When the first Green House campus opened in Mississippi, renowned documentarian Dale Bell was there with cameras rolling. Green House founder Bill Thomas, M.D., called the resulting 20-minute video “the chainsaw,” because it so efficiently cut down people’s objections or skepticism about the new care model. Bell’s latest documentary might eventually be called “the cattle prod.” That’s because it’s set in the ranching hotbed of Wyoming and, more to the point, I believe it could get even more communities unified and working together to create Green Houses.
“Homes on the Range” takes viewers to the ruggedly beautiful town of Sheridan. There, a group of passionate and committed citizens undertook a grassroots effort to build the state’s first Green Houses. The documentary premiered first at the WYO Theater, then on the Wyoming PBS station in late November, and will be shown on other PBS stations nationwide over the next three years. You can also get it on DVD through the Media Policy Center in Los Angeles.
The 85-minute film is remarkable in several ways. The MPC’s Senior Editor/Writer/Producer Beverly Baroff crafted the documentary using 10 years of footage captured by Bell, so there’s inherent drama simply from seeing how some of the key figures themselves age. The film subtly but powerfully conveys the inevitable passage of time and drives home the reality that the need for long-term care is not so distant as some viewers might perceive it to be.
But I especially appreciated how the documentary realistically portrays the Green House project. Thomas is a tireless and inspiring promoter for Green Houses, and he has been joined by many other passionate advocates. I think that’s all to the good, but I also think that sometimes the Green House cheerleading can sound a bit like one-sided propaganda, which seriously downplays the often substantial challenges in building these facilities and figuring out the most effective ways of providing care and measuring outcomes in this still-young model. (It’s been 10 years since the first Green Houses opened.)
“Homes on the Range” is unabashedly pro-Green House. However, Bell emailed me, “We neither expect nor believe that every community can or should build a Green House campus … it is difficult and in some cases CAN be done.”
Bell’s statement does not ring hollow, because so much of the film is about the forbidding obstacles that the group in Sheridan had to overcome. From getting legislative changes and winning over the governor, to fundraising, to coping with effects of the economic crisis, they encountered one hurdle after another. Their persistence really is amazing to behold, but the documentary dramatizes just how hard it can be to create a Green House campus.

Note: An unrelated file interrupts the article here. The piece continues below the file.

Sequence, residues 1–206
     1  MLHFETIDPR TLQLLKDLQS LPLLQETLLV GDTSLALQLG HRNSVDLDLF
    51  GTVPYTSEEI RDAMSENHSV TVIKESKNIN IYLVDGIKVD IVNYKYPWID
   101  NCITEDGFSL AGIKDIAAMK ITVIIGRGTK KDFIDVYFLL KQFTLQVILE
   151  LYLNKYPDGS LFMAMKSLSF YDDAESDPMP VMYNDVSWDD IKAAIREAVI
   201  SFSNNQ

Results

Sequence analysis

I think the film very well could galvanize other communities to follow in the footsteps of Sheridan (which is what the filmmakers hope). But it also could persuade others that the commitment in time, energy and money — without the promise of ultimate success — simply is too overwhelming. I do hope that it inspires some dialogue about the certificate of need process, and I think seeing it might give lawmakers the confidence to relax some of the stringent regulations that can make innovative care models difficult to launch.
The documentary also is not too starry-eyed about the effects of Green House living for elders. The “chainsaw” famously includes footage of a near-catatonic nursing home resident who begins to feed herself and sing almost immediately after moving into a Green House. This type of nearly miraculous improvement certainly seems to be a testament to the benefits (to put it mildly) of long-term care that is homelike rather than institutional. But in “Homes on the Range,” there are no claims that this is to be expected.
The film shows both the vibrant resident who is building birdhouses in his room and the woman with dementia who needs help locating her room even in the relatively small cottage. We don’t see a Green House resident have an amazing rebound to health. But the most emotional moment for me came from seeing a resident sitting on the patio, knitting.
This woman talked about how in other nursing homes, such a simple pleasure was not available to her. Then, a shahbaz informed her that lunch was served, if she was hungry. The elder said she would be in shortly. This brief exchange summed up the benefits of the Green House: the caregivers’ respect for the elders, the independence of the elders, and the truly homelike environment. It’s nothing Earth-shattering, but that made it all the more powerful. It raises the questions that I think are at the heart of this film: How is it possible that such a seemingly basic model for providing care could be seen as outside the norm, and why was it so difficult for Sheridan to get this campus built?
If the viewer is left pondering these questions after the credits roll, it’s easy to see how the film could lead to a groundswell of support for Green Houses in particular and calls for long-term care changes in general. Bell says he hopes the film will “inspire communities to work together” to make sure their elders and frail residents are receiving high quality care, “even if no new Green House is built.”
Bell told me he and his colleagues are interested to see “just what effect the media can have in instilling the concept of change in communities.” I think they can be optimistic that the effect will be noteworthy, and they certainly should take pride in their work.
Tim Mullaney is McKnight’s Senior Staff Writer. Follow him @TimMullaneyLTC.